Kerr, 526 F.2d at 70. The lodestar amount presumably reflects the novelty and complexity of the issues, the special skill and experience of counsel, the quality of representation, and the results obtained from the litigation. D'Emanuele, 904 F.2d at 1383.

"The fee applicant has the burden of producing satisfactory evidence, in addition to the affidavits of its counsel, that the requested rates are in line with those prevailing in the community for similar services.... If the applicant satisfies its burden of showing that the claimed rate and number of hours are reasonable, the resulting product is presumed to be the reasonable fee...." Jordan v. Multnomah County, 815 F.2d 1258, 1263 (9th Cir. 1987) (footnote and citation omitted). In order to facilitate appellate review, the district court must clearly articulate sound reasons in support of its fee award. Sealy, 743 F.2d at 1385 (fee award remanded because district court presented no basis for its findings); Hensley, 461 U.S. at 437, 103 S. Ct. at 1941.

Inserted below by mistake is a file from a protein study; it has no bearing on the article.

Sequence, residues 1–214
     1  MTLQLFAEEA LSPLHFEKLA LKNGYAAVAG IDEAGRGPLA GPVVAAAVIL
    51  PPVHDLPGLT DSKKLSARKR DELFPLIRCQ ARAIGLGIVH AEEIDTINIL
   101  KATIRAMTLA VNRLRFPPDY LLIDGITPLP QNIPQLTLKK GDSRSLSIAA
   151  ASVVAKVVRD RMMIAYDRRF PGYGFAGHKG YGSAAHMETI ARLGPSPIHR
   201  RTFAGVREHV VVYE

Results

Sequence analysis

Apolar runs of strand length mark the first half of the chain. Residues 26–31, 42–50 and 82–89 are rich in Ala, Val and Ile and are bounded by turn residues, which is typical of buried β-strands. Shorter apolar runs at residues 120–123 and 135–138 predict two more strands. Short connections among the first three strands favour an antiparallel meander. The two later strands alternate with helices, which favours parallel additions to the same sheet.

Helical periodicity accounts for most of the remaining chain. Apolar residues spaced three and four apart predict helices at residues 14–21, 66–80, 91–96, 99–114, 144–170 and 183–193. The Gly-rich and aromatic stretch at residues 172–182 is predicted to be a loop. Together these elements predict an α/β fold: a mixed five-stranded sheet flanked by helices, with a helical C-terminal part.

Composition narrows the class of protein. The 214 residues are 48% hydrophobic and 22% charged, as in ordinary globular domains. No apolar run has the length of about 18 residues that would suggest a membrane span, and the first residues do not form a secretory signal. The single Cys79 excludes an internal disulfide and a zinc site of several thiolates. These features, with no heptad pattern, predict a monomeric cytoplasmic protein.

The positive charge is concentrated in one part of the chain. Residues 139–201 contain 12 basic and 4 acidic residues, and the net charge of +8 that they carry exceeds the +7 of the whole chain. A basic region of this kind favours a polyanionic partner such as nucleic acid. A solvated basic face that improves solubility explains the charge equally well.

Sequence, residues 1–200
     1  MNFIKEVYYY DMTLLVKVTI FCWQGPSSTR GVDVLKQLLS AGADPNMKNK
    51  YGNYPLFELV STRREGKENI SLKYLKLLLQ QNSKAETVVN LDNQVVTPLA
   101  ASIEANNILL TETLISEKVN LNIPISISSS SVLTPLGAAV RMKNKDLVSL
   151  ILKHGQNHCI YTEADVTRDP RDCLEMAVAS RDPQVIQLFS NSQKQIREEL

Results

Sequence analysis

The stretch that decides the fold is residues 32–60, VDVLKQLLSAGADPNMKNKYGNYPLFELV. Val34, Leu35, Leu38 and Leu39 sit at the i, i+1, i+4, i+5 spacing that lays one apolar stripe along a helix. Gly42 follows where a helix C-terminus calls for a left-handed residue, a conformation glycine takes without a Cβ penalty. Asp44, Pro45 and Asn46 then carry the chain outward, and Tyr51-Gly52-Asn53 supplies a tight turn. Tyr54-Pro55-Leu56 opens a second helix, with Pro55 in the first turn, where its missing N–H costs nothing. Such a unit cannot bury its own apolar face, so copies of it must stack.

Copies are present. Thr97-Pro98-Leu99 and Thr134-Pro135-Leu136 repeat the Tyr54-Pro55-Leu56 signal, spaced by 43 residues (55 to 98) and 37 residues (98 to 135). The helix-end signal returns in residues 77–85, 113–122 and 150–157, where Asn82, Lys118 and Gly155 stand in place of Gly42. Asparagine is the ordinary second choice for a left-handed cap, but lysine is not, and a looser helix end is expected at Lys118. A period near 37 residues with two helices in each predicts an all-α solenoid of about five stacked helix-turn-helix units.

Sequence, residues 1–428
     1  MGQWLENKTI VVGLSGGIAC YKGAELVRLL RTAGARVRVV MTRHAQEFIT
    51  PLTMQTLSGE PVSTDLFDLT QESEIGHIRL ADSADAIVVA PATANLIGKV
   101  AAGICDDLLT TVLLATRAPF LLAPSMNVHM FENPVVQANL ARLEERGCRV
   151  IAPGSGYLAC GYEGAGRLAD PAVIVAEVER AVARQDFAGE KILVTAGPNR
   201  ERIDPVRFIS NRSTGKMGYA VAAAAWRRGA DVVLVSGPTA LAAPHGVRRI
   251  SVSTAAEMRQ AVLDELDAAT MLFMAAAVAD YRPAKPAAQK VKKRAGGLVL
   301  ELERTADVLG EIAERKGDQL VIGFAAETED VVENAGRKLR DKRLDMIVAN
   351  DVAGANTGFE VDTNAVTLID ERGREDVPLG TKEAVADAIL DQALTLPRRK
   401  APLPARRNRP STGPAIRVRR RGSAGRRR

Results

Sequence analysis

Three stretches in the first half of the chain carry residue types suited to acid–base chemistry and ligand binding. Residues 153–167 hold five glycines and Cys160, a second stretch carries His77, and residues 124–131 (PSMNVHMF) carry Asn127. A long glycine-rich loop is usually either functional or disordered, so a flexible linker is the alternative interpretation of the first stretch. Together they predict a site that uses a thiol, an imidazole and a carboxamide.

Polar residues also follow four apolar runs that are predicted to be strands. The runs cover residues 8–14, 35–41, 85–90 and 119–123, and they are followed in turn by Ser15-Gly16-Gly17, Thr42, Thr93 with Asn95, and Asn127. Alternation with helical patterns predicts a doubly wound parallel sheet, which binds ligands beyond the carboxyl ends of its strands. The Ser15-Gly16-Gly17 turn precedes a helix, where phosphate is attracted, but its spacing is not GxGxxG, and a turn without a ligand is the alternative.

While the district court did have evidence of Intel's hours expended and its customary fees, the court made no findings that the hours expended were reasonable and that the hourly rates were customary. The order merely awarded the fees without elaboration. "Such a procedure is inadequate." Sealy, 743 F.2d at 1385. That is particularly true where, as here, the requesting party submits mere summaries of hours worked. As Terabyte pointed out to the district court, those summaries alone made it very difficult to ascertain whether the time devoted to particular tasks was reasonable and whether there was improper overlapping of hours. Terabyte was not required to take Intel's word that every hour was needed and all overlap had been eliminated. While summaries can be used in proper circumstances, the underlying material must be made available. Fed.R.Evid. 1006. Under our adversary system, Terabyte was entitled to see just what was charged and why. What may seem obvious to Intel and to the district court is not obvious to us. That, among other reasons, explains our long-standing insistence upon a proper explanation of any fee award. It also explains Terabyte's need and right to peruse and parse Intel's fee demand.